List Your Business: Take Advantage of Local Directories & Review Sites

If you have a local business, then you have a major advantage over online retailers and other websites trying to rank well in Google. That advantage is local search. Instead of having to compete with thousands to potentially millions of competing websites globally, local businesses can focus their energy on ranking well in local search and only facing their local competitor’s websites. One way to do this is make sure that your business is listed with the right local directories and review sites.

Choosing the Right Local Directories & Review Sites

When it comes to submitting and claiming your listings on local directories and review sites, the options can seem endless. Here is how to determine which local directories and review sites are best for your business.

1. Search for your business on Google.

First, search for your business on Google. Chances are your business is already listed on some local directories and review sites (regardless of whether or not you have “claimed” them). Any profile you see listed on page one or two of search results should be claimed. Simply go to your profile and look for a link that asks if you own the business or want to claim your listing:

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Why? If someone looks up your business in order to find or submit reviews, they might run into any of these networks. Be sure you have already put your best foot forward on these networks by claiming your listing.

When it comes to leaving reviews for local businesses, there are a few well-known names to choose from including (but not limited to) the following:

Whenever you’re thinking about local directories and review sites, don’t count out social media as part of your strategy. Local social networks like Foursquare should be on your agenda of sites to claim a listing on if your business has a lot of incoming customers. Facebook also offers local features when you set up your Facebook page as a local business. You can see some good examples when you go to their Pages browser and look under Local Businesses.

2. Sign up for the main search engines’ local directories.

The three major search engines – Google, Yahoo, and Bing – each have their own local directory and review system. Google is more than likely going to be your main source of traffic, but it doesn’t hurt to make sure you are covered on Yahoo and Bing as well.

  • Google uses Google+ pages for local businesses . Local listings on Google+ are free.
  • Yahoo has a Yahoo Local section. Basic listings are free and enhanced listings which offer more photos and enhanced content cost $9.99 per month.
  • Bing has a Bing Local section. Listings are free.

3. Find additional citation sources by category or city.

  • The Best U.S. Citation Sources by Category will help you find the best local directories and review sites for your business type. Restaurants, for example, will want to take advantage of sites like UrbanSpoon.com and TripAdvisor.com whereas roofing contractors will want to take advantage of sites like ServiceMagic.com and BBB.org.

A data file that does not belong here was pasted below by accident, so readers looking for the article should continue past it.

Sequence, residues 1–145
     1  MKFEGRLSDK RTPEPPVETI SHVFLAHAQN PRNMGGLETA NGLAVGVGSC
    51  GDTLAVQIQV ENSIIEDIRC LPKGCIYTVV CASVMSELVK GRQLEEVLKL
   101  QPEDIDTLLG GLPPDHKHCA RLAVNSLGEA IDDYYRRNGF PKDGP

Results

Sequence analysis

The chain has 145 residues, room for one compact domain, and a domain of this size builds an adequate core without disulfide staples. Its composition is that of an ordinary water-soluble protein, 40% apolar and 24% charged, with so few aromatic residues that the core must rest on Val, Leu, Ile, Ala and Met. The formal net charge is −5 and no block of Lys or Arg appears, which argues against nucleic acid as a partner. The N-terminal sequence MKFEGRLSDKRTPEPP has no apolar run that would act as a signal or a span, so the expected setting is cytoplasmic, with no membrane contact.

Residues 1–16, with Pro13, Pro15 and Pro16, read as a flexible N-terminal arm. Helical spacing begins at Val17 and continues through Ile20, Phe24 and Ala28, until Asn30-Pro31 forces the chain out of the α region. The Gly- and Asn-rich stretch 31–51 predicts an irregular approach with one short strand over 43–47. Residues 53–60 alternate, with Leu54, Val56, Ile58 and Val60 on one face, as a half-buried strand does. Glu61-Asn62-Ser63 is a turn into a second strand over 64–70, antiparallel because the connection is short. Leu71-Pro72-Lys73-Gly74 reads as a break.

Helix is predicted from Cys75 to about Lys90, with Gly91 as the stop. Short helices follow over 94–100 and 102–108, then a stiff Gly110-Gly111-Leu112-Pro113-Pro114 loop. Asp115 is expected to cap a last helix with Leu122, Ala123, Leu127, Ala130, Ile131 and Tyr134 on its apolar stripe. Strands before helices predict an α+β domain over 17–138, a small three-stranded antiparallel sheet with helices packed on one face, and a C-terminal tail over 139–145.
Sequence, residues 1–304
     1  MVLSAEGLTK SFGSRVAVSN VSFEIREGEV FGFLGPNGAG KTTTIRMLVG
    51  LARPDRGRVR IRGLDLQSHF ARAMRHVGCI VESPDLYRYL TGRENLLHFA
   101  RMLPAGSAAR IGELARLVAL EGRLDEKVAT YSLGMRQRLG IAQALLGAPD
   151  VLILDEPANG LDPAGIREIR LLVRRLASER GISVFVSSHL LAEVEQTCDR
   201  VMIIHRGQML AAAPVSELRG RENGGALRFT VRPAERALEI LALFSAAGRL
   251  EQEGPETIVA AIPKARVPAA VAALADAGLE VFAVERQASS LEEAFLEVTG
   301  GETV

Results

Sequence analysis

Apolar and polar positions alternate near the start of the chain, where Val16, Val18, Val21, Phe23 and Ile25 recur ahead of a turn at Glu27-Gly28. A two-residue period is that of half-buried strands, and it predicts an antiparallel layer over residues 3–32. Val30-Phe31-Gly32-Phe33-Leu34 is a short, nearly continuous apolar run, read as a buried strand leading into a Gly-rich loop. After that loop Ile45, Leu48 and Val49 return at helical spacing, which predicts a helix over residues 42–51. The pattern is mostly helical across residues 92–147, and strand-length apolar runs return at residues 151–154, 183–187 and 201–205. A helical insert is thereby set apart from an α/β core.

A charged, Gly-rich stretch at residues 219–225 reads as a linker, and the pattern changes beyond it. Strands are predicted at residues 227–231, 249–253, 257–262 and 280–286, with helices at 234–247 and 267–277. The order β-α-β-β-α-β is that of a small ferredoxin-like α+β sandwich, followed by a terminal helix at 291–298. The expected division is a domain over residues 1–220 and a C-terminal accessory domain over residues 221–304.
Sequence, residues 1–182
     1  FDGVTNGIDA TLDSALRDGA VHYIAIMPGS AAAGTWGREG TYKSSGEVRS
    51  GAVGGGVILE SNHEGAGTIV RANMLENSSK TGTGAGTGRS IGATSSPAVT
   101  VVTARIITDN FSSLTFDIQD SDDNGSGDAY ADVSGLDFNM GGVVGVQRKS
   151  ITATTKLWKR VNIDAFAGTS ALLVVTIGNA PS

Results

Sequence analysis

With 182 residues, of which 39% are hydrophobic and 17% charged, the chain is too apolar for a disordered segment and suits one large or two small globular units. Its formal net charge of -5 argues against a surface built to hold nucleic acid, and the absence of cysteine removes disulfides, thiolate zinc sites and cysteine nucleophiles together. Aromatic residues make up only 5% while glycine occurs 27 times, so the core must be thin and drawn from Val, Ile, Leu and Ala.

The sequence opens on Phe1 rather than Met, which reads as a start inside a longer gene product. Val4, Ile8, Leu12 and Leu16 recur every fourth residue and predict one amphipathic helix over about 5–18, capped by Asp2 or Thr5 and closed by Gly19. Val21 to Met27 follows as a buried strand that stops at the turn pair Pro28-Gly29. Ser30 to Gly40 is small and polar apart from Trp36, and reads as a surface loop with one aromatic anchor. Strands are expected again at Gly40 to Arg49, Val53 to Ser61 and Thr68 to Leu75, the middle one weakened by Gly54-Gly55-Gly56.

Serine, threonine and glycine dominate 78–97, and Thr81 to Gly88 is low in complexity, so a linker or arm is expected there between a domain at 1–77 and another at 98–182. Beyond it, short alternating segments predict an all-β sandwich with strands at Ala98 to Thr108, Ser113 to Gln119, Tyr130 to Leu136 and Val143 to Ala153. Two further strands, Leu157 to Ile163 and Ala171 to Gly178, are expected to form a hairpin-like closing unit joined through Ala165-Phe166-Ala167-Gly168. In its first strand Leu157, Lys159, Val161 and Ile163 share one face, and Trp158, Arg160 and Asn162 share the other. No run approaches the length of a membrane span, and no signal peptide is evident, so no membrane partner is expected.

• The Best U.S. Citation Sources by City will help you find the best local directories and review sites based on your location. Some cities will list very localized directories such as Albany.com and the Washington post.

Create a Great Listing

Once you’ve created or claimed your listing on local directories and review sites, you’ll need to flesh out your business’s profile as much as possible. Here are some tips that you should apply to any listing.

  • Take advantage of your options to enhance your listing content. This could include a YouTube video, PDF upload of your menu, slides from a sales presentation, or other visual information.
  • Add your social profile links if you can. Even if someone isn’t ready to be a customer or check out your website, they might be willing to like your Facebook page or follow you on Twitter. Tell the reader why this is important. Maybe they don’t understand the social engagement piece. We have articles to link to for this reference.

One key thing to remember when completing your listing is that your business value may be affected by the degree to which your profile is complete. Along with the local reviews you receive, robust profiles usually rank higher than their competitors with incomplete, or less robust, listings.

Deal with Reviews

Not all reviews are created equal. Yelp allows users to respond to reviews privately or publicly, and even offers some great tips about how to respond. Remember, the goal of responding to reviews publicly is to demonstrate your outstanding customer service skills in both appreciating happy customers and helping not-so-happy ones.

Even if you know the person who wrote the review is not likely to read it, make your response similar to what you would say if you were standing face to face with the person. Offer to help make things right for the customer. If nothing else, it will show future readers of the review that you care about what your customers have to say and working to solve any dilemmas.

For more information on online reputation management, read: When Vegas goes Viral or;

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